Refugees plead for family reunification
September 21, 2015
By Sunny Dhillow, Globe and Mail |
An Iraqi teen who has been without her mother for more than a year. A woman from Yemen who was forced to leave her newborn behind and has not seen him in six years. A man from Uganda whose last glimpse of his two sons was a decade ago.
Refugees who arrived in Canada without some of their closest family members attended a tearful news conference in Vancouver on Monday to discuss a reunification process they say is far too slow.
A day earlier, the federal government – which has been criticized for its response to the refugee crisis abroad – unveiled new measures to speed up the resettlement process. But the refugees who spoke at Monday’s event, and the advocates who joined them, said Ottawa can do more, particularly when it comes to bringing families back together.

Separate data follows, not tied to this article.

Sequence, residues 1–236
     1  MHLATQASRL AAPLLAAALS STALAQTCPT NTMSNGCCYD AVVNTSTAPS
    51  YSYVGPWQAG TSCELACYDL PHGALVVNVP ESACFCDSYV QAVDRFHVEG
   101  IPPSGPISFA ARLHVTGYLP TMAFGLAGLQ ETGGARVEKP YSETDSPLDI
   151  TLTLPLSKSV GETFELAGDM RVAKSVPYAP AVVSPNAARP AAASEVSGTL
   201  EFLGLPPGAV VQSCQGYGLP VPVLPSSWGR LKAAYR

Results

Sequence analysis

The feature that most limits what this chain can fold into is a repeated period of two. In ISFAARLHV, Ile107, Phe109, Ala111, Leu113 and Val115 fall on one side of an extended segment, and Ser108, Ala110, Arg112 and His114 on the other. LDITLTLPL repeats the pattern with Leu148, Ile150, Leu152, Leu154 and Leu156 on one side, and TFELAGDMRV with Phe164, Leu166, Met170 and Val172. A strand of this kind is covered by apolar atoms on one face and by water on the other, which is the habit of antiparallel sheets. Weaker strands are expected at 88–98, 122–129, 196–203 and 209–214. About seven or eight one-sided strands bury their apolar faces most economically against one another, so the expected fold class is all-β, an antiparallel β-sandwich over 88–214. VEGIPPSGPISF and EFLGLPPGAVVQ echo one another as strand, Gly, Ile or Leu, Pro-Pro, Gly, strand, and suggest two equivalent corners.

Huda Mohammed Ahmed Ahmed, a 14-year-old who was born in Iraq but whose family fled to Turkey because of the war, came to Canada with her older brother last year as a government-assisted refugee. Their mother has not been approved to come, and remains in Turkey.
“I miss her,” the ninth-grader said in halting English, standing on a toolbox so she could see over a podium.
Khadija Ahmed, who is not related to the teenager, gave birth to a son in Yemen two weeks before she learned she could come to Canada. Ms. Ahmed had believed her application – filed four years earlier – would never be approved and had not updated it to include her new child or new husband.
She had a choice: Ms. Ahmed could move to Canada with three of her children, or stay in Yemen and resubmit her application. She chose the former, hoping her newborn and her husband could quickly follow. That was six years ago, she said, sobbing as she spoke.